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Friday, September 24, 2021
UNITED NATIONS, Jul 27 2011 (IPS) - The International Atomic Energy Agency (IAEA) Wednesday identified three U.N. member states – Iran, North Korea and Syria – as virtual nuclear rogue nations for their continued refusal to comply with international obligations under the Nuclear Non-Proliferation Treaty (NPT).
Singling out the countries by name, IAEA Director-General Yukiya Amano said his approach to nuclear verification has been “very straightforward” ever since he took office in December 2009.
“All safeguards agreements between member states and the agency, and other relevant obligations such as U.N. Security Council resolutions, should be implemented fully,” he told a three-day U.N. Conference on Disarmament Issues in Matsumoto, Japan.
Currently, there are five declared nuclear weapon states, namely the United States, Britain, Russia, France and China, along with three undeclared nuclear weapon states, India, Pakistan and Israel.
The three undeclared nuclear powers have all refused to sign the NPT and remain outside the IAEA radar, as against the five declared nuclear powers who are states parties to the treaty.
North Korea is strongly rumoured to possess nuclear weapons; Iran is suspected of having an active nuclear weapons programme although it vehemently denies the charge; and Syria is accused of making a failed attempt to develop nuclear weapons.
But, as a U.N. member state, it has to comply with IAEA and Security Council resolutions.
Amano said the North Korean nuclear programme “remains a matter of serious concern”.
“As you may know, since April 2009, the agency has not been able to implement any safeguards measures in that country,” he said.
Last year, there were reports that North Korea was in the process of building a new uranium enrichment facility and a light water reactor.
If these reports are true, the IAEA head said, “they are deeply troubling.”
Amano urged North Korea to fully implement all of the relevant resolutions of the IAEA General Conference and the Security Council which have imposed strictures and/or sanctions on Pyongyang for non- compliance.
Iran, which also came under fire, has unequivocally stated that its nuclear programme is only for “peaceful purposes”.
But both the Security Council and the IAEA have refused to buy this argument.
“Iran is not providing the necessary cooperation to enable the agency to provide credible assurances about the absence of undeclared nuclear material and activities, and therefore to conclude that all nuclear material in Iran is in peaceful activities,” Amano declared.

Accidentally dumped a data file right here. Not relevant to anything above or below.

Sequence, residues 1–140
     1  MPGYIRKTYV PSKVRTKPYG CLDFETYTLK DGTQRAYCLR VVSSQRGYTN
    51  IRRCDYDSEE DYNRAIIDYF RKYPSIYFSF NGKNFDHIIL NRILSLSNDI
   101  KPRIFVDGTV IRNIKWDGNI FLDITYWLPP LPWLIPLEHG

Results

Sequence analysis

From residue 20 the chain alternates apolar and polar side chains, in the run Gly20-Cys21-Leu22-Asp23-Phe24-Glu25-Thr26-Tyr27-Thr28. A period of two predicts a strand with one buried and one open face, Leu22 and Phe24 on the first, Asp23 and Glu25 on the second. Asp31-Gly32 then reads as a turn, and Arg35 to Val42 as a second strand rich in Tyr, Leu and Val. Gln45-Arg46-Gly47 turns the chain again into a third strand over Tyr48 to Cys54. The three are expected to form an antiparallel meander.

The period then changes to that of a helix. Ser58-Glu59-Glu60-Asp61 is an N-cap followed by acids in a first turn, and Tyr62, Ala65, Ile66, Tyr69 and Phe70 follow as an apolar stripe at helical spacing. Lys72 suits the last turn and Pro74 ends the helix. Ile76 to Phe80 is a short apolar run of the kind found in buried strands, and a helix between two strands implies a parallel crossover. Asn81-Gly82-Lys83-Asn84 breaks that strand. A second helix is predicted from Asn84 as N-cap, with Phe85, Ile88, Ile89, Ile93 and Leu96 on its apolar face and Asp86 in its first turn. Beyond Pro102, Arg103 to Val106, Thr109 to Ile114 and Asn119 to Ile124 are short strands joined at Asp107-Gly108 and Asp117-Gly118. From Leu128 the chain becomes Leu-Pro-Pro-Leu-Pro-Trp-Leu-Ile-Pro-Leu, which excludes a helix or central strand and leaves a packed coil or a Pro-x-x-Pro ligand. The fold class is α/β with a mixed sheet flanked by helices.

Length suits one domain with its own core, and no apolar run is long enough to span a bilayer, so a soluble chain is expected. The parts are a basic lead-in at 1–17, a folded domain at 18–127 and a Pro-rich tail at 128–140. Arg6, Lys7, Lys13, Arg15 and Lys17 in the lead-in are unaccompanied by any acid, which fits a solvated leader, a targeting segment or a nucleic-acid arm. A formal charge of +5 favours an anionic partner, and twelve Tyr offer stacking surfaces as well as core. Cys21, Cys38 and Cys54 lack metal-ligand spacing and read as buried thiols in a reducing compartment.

He called upon Iran “to move towards the full implementation of all relevant obligations to build international confidence in the exclusively peaceful nature of its nuclear programme”.
On Syria, the IAEA has concluded it is very likely that a building destroyed at the Dair Alzour site in 2007 – possibly from an air attack by Israel – was a nuclear reactor which should have been declared to the agency. But it was not.
Last month, the IAEA Board of Governors adopted a resolution accusing Syria of “non-compliance with its safeguards obligations”.
Meanwhile, the IAEA has been consulting with its member states on the possibility of convening a forum on the relevance of existing nuclear weapon-free zones and to consider establishing such a zone in the Middle East.
But the proposed international conference, tentatively scheduled for 2012, may be in jeopardy amid the growing political turmoil sweeping across the Arab world – and Israel’s fears of negative fallout on its own security.
The proposal for the long-outstanding meeting was endorsed by 189 member states at the Review Conference on the NPT held at the United Nations in May 2010.
The Israeli government, while criticising the outcome document of that Review Conference, left the door open for participation in the 2012 conference.
But the political uprisings in the Arab world, including the ouster of the Israeli-friendly Egyptian President Hosni Mubarak, have triggered expressions of Israeli concerns – specifically its own security in an increasingly hostile environment.
Israel has privately expressed the view that its undeclared nuclear weapons are the best guarantee of its security.
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